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Articles for ITS market Japan's Smart City: New Moves toward Practical Use

 The world's only futuristic experimental city, Woven City

There are still many issues to be addressed on how to manage data in smart cities.
Smart cities are a new way of thinking about urban development, and the goal is to use IT to increase the convenience of people's lives and companies' social activities.
In addition, from the perspective of the SDGs (Sustainable Development Goals), various companies in the transportation, communications, energy, and other fields are collaborating with local governments to conduct various demonstration tests or are studying the implementation of such tests.
Against this backdrop, Toyota's Woven City is attracting attention as a smart city led by an automaker.

Toyota President Akio Toyoda unveiled the world premiere of the Woven City concept at CES (Consumer Electronics Show) 2019, the world's largest international trade show for consumer electronics and IT, in Las Vegas, U.S. in 2019.
In the automotive industry, from the mid-2010s, and due to the influence of CASE (Connected, Automated Driving, New Services such as Sharing, and Electrification) advocated by Daimler Mercedes-Benz of Germany, the interpretation that a "once-in-a-century industrial revolution" is taking place from the 2010s to the 2020s has spread around the world.
The relationship between the car and society is being examined in terms of power supply systems and data management.
Toyota Woven City is currently the only example of a large-scale, futuristic experimental city built by an automaker on its own in the world.

On February 23, 2021 (Mt. Fuji Day), a ground-breaking ceremony was held at the site where Woven City will be built.
As of October 2021, the foundation work is progressing steadily.
So far, there have been no announcements based on specific materials or data about the activities of Woven City, and President Toyoda has only given fragmented explanations in the question-and-answer session of the earnings announcement.

 Data management and private and public areas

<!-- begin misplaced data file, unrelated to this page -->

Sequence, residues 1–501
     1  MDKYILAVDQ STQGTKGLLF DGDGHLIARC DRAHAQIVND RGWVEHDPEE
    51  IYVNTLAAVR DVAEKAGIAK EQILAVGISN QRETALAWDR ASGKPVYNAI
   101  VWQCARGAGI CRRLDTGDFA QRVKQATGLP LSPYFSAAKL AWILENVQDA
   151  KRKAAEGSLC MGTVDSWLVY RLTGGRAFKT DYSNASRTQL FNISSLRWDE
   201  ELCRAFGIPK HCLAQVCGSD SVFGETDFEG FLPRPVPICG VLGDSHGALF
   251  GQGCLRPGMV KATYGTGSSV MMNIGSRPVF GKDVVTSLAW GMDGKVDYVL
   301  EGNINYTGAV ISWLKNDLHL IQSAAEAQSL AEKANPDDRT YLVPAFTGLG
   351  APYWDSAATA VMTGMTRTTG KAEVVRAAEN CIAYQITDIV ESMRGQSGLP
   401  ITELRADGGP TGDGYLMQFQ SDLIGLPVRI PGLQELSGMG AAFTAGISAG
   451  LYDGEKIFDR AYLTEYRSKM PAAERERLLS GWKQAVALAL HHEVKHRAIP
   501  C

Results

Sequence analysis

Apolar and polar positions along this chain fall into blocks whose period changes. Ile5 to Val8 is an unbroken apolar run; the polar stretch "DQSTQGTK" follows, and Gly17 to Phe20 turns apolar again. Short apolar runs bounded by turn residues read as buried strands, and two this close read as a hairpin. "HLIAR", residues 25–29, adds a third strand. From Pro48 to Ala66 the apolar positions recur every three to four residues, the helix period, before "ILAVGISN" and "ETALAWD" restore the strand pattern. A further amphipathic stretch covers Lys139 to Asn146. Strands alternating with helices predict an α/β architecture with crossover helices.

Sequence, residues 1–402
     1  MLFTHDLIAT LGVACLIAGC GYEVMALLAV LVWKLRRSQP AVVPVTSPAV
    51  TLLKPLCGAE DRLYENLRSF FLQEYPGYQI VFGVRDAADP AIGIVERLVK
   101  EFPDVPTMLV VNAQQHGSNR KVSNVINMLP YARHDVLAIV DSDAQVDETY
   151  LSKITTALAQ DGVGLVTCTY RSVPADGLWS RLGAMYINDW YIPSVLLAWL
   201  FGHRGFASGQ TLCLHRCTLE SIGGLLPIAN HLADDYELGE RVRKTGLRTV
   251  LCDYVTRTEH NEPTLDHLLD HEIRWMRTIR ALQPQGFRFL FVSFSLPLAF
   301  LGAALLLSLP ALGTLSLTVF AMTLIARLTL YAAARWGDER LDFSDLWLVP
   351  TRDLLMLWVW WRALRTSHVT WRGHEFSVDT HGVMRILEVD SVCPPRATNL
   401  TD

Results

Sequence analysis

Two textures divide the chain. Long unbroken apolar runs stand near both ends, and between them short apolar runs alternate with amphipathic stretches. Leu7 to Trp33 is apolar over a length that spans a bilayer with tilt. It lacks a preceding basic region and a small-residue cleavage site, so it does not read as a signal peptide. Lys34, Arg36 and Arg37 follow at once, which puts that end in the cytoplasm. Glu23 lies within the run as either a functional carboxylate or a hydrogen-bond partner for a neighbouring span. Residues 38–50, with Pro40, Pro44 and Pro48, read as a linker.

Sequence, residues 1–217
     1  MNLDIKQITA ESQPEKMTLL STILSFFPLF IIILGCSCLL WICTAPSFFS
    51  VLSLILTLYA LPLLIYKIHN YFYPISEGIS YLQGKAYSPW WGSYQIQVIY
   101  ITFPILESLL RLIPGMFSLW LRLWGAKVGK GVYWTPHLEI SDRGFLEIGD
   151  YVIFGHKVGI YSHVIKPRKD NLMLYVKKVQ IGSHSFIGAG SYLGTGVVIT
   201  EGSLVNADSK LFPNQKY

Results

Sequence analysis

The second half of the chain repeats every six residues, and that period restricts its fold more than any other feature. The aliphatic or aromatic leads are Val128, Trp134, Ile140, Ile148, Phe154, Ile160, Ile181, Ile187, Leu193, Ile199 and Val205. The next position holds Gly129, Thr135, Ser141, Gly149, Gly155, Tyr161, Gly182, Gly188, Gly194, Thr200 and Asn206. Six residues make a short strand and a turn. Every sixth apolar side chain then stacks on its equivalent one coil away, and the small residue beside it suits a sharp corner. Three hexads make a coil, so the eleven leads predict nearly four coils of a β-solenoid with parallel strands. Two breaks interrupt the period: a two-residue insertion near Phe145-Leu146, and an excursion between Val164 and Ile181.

Against this backdrop, Susono City in Shizuoka Prefecture, where the Even City is to be built. An online briefing was held for the media and citizens on October 5, 2021, titled "Toward the Realization of a Prosperous Rural Future City Susono, that everyone can be proud of”.
The two attendees were Kenji Takamura, mayor of Susono City, and James Kuffner, director of Toyota and CEO of Woven Planet Holdings, the company that oversees Toyota's new IT development.

To begin, there was a Toyota-affiliated automobile assembly plant that started operation in 1967 on the site where the Woven City is to be built. It ceased production in December 2020 and transferred its operations to a Toyota-affiliated plant in Miyagi Prefecture. Toyota and Susono City have had a deep, community-based relationship for more than 50 years.
In this online briefing session, the city of Susono, which is close to Woven City, introduced a regular seminar led by the city of Susono in the Iwanami district of Susono City. Where residents participate in thinking about the relationship between Woven City and the local community.
Specifically, Toyota will use the corporate version of the Hometown Tax Donation Program to redevelop the area around Iwanami Station on the JR Gotemba Line in the Iwanami district. The e-Palette, a small self-driving bus used at the Tokyo Olympics and Paralympics, and the C+walk T, a small stand-up mobility vehicle already on the market by Toyota, will be used to make the area around Iwanami Station a transportation node to Woven City.